x Abu Dhabi, UAEFriday 21 July 2017

Job training for Gulf nationals: not just a budget line item

If Gulf business owners really want to employ their compatriots, they should better understand what it means to be an employee.

Recently, I applied for a tourist visa to a western country. Given the summer rush, the embassy had set up a visa processing centre to deal with the traffic. The staff were efficient and the transactions transparent - within a few days, I received a text message informing me that my passport was ready for collection. The majority of the embassy staff were Gulf nationals who were very different from the stereotype of the young Gulf graduate who is carefree and unprepared. It is not necessarily an impression based on racial prejudice, seeing as many Gulf Arabs harbour the same idea.

In seeking an explanation for why these employees were different, I came to the conclusion that it was their job training. In a previous job, I worked with an international firm in the Gulf whose salespeople were almost exclusively nationals. We launched products in competitive markets and serviced thousands of outlets. The leadership of the company spent what seemed to me at the time crazy amounts of time and money on training.

No one was exempt from the rules of the team. Senior managers negotiated with everyone, from the biggest clients down to the little shop on the corner. More importantly, senior staff set very high expectations. They always showed up on time, stayed late if they had to, and senior Muslim managers actually worked during Ramadan. When a young national joins a more typical Gulf company, the following scenario is a more likely account of Day One: human resources haven't set up a desk yet because they're still negotiating with the local labour ministry on the number of nationals they will hire that year, and they have misplaced the latest list of personnel.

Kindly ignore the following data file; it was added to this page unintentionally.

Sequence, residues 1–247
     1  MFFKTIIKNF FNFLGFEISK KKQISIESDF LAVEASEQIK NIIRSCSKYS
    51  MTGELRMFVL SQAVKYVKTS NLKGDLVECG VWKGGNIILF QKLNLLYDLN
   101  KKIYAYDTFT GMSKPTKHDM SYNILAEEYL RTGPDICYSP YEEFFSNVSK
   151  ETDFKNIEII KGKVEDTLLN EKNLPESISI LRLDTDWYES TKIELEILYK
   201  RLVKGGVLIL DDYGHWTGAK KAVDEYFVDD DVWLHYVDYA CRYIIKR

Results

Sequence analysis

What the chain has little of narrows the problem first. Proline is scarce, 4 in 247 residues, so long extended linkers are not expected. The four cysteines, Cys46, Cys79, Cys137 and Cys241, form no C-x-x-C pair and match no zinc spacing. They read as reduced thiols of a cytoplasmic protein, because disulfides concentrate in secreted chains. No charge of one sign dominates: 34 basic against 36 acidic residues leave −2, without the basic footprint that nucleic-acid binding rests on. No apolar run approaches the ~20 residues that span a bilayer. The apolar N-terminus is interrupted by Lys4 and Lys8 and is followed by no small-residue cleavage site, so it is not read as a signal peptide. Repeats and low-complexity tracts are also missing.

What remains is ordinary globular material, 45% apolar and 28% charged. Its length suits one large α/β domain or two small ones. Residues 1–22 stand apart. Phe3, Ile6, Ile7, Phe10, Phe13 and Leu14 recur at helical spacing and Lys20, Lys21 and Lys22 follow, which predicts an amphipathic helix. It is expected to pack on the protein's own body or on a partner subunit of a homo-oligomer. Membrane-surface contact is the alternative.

The new hire sulks on a visitor's chair in the office feeling unwelcome. At the end of the day, someone will give him a completely mundane task which serves no real purpose. Such is his introduction to the working world. If the young graduate has a strong character, he might demand a clear description of his duties and start working. But if he is like many who have just graduated with little training and no expectations, let alone a work ethic, he will most likely match his office mates' behaviour.

He will see that the laws make it impossible for him to be fired and no one really cares about his output because there are no expectations for him to succeed. If he's not a college graduate, even less is expected. But is this really his fault? Some of our work practices are anti-competitive and don't promote achievement and creativity. When was the last time a Gulf business owner or chief executive walked down from the top floor to visit an operations manager or a sales team, let alone a hard-nosed client? Family businesses, which are so common in the Gulf, often mistake leniency for compassion.

Too often business owners and executives set a low example, starting work after nine and relying too much on their advisers. Usually, these advisers are non-nationals, which sends conflicting messages about empowering local talent. Who trains new recruits to respect punctuality? Number-crunching skills? Negotiation? Customer service? A typical training programme usually consists of courses in Excel, English composition and how to become a better secretary. It is not uncommon for some staff to get invited to the same course the following year. As long as HR can show a hefty bill, somebody has been "trained".

There is an entire hollow industry happily processing trainees. Real training, however, is on the job, meeting clients, learning from senior mentors and understanding markets. If Gulf business owners really want to employ their compatriots, they should better understand what it means to be an employee. Training has to be part of every equation, not just a budget requirement. They will find that graduates in the Gulf have just as much potential as anyone else. Raw talent needs trust, training and a chance.

I have seen too many Gulf Arabs mock a colleague for turning up on time. "Relax," they say, "this isn't Europe. Have a cup of tea." Wouldn't it be better if everyone knew the phrase "as punctual as an Arab"? Anees Sultan is a writer and businessman based in Oman